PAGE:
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Proper licensing required for service department waiting room TVs

Minnesota dealerships have been contacted to suggest content displayed on customer waiting room TVs may be copyrighted; penalties can be “substantial”

St. Paul, Minn.—The Motion Picture Licensing Corporation (MPLC) has contacted some Minnesota dealerships suggesting that content displayed on waiting room TVs may be copyrighted and requires proper licensing.

The Federal Copyright Act of 1976 offers broad protection to creators of audio and visual content. The Act regulates the “public performance” of movies, TV, and other audiovisual “copyrighted” content from sources like broadcast, cable or satellite television, DVD, Blu-ray, and streaming services, according to the Minnesota Automotive Dealers Association (MADA) in a news release.

Showing such content in public areas — like a service department waiting room — is referred to as a “public performance” (as opposed to watching a movie in the privacy of one’s own home),

General Rule: Dealers must be properly licensed to publicly show copyrighted audiovisual content. 

  • It is unlikely that a dealer holds a license to show DVDs or streaming content from services like Netflix. Such performances are almost always licensed solely for personal use. No public performance is permitted.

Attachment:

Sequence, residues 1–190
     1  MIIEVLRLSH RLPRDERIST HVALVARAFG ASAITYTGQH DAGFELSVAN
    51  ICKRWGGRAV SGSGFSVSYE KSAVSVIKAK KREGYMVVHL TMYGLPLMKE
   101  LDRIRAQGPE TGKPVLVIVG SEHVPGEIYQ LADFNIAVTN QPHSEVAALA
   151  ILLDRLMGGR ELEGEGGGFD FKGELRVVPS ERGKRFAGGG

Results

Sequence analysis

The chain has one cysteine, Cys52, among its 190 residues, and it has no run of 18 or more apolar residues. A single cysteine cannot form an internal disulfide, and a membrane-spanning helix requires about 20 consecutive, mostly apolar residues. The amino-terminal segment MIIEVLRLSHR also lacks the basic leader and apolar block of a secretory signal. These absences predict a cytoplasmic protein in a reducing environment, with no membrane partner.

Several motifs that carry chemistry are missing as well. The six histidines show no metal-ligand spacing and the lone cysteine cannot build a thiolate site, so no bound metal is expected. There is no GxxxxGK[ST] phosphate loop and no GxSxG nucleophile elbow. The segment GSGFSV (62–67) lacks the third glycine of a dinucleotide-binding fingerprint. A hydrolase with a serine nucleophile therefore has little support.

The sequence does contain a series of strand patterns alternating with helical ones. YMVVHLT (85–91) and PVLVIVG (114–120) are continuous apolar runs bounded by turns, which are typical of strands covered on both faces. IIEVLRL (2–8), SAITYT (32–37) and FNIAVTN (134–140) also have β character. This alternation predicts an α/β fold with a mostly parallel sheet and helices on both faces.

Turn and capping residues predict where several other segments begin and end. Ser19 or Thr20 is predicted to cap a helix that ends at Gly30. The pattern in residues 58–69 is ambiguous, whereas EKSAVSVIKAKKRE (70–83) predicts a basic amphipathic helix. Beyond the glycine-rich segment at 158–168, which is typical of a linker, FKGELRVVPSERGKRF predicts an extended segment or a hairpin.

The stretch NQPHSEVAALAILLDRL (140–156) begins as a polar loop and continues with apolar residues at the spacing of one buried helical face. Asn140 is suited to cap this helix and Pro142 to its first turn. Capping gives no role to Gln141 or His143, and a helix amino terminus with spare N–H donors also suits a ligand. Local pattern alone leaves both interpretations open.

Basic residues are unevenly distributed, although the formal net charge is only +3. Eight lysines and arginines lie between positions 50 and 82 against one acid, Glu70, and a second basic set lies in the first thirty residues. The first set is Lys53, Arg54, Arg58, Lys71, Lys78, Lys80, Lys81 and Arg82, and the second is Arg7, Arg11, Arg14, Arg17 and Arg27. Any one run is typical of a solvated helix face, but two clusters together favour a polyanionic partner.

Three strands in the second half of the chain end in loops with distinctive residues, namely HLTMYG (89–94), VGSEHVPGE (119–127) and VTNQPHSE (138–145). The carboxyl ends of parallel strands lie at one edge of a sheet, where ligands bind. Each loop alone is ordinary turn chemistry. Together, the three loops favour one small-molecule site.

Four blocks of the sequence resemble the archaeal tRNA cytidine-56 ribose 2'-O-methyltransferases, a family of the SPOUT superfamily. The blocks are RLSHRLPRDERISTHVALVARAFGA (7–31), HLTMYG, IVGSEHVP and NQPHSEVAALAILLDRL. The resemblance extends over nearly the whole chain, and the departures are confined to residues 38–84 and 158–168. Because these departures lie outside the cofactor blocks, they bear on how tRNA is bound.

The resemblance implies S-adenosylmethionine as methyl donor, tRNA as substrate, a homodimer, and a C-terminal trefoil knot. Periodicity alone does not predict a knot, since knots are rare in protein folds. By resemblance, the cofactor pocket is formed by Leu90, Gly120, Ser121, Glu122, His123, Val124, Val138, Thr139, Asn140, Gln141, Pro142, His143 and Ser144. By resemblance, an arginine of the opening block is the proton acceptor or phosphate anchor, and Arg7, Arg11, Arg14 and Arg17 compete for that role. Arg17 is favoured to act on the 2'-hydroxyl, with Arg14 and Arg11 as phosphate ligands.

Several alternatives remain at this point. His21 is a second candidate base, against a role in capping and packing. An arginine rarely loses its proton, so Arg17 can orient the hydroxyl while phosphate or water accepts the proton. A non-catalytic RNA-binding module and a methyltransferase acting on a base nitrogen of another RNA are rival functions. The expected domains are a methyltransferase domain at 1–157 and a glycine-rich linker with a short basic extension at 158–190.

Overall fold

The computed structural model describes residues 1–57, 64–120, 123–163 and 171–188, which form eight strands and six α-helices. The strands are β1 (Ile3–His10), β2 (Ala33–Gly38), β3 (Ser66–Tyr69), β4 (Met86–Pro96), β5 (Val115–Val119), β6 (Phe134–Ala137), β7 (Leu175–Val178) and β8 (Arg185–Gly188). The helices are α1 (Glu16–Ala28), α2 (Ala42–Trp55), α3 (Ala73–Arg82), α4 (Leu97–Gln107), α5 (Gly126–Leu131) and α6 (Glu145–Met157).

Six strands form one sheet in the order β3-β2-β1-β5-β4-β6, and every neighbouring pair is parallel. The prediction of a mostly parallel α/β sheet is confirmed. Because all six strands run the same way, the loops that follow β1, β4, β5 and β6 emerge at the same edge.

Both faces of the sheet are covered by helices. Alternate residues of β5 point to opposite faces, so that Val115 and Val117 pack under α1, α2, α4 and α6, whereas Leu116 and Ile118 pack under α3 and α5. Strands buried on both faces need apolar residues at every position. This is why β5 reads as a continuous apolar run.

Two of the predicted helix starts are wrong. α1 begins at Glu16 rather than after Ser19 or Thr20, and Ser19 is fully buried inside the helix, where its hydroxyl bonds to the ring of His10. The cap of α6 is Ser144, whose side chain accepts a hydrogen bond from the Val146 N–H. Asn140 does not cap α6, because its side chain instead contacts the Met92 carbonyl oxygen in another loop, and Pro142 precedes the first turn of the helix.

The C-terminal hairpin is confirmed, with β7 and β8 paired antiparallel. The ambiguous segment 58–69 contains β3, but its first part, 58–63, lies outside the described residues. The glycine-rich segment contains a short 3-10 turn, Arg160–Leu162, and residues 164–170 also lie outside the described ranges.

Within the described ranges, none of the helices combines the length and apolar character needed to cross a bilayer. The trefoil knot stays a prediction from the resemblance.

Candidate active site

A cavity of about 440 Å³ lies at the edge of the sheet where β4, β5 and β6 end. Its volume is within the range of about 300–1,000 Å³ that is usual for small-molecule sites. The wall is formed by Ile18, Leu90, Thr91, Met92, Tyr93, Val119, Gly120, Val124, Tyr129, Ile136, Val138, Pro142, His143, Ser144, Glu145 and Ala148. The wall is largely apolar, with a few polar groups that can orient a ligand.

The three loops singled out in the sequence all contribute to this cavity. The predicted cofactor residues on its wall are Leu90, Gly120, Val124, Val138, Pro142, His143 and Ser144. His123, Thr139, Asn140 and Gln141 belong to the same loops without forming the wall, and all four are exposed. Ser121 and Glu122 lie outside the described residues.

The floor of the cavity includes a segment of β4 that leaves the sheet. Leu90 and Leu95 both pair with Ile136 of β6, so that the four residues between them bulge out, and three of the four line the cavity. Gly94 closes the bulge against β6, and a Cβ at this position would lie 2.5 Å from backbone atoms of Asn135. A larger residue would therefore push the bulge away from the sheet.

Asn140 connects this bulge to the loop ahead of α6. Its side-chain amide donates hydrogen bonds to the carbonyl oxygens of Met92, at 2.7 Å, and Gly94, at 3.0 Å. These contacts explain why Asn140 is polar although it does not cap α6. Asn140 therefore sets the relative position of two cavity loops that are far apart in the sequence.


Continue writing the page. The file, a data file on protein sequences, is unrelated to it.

• Cable and satellite programming providers may offer “public performance” licensing for their business customers. MADA advises dealers to check with their provider to see if the package they purchased is a commercial use package and if the appropriate licenses are included.

There’s a very narrow exception to the general rule requiring licensing which was enacted by Congress in 1976. Congress acted to overturn a 1975 United States Supreme Court decision which had narrowly construed the “public performance” language of the Act in a manner that gave businesses broad protections for simply turning on broadcast radio and TV for their customers’ enjoyment.

Congress broadly defined “public performance” and then created what is known as the “homestyle” exception from licensing. The exemption only applies if a dealer uses a “single receiving apparatus” which is of a “kind commonly used in private homes” to show broadcast TV programming. The exception does not permit additional speakers or an enhanced sound system.

The homestyle exemption has been narrowly viewed by the courts. Dealers should not rely on it without seeking legal counsel, MADA advises.

Penalties for failing to obtain a license can be substantial. They can range from $750 to $30,000 per violation with higher amounts possible for “willful” violations.

MADA notes that the Motion Picture Licensing Corporation is a legitimate organization and does have the authority to protect the owners of copyrighted materials. Dealers who show content and have not been properly licensed by their provider may wish to purchase umbrella licensing from MPCL.

Outside counsel aided MADA in the preparation of this article.

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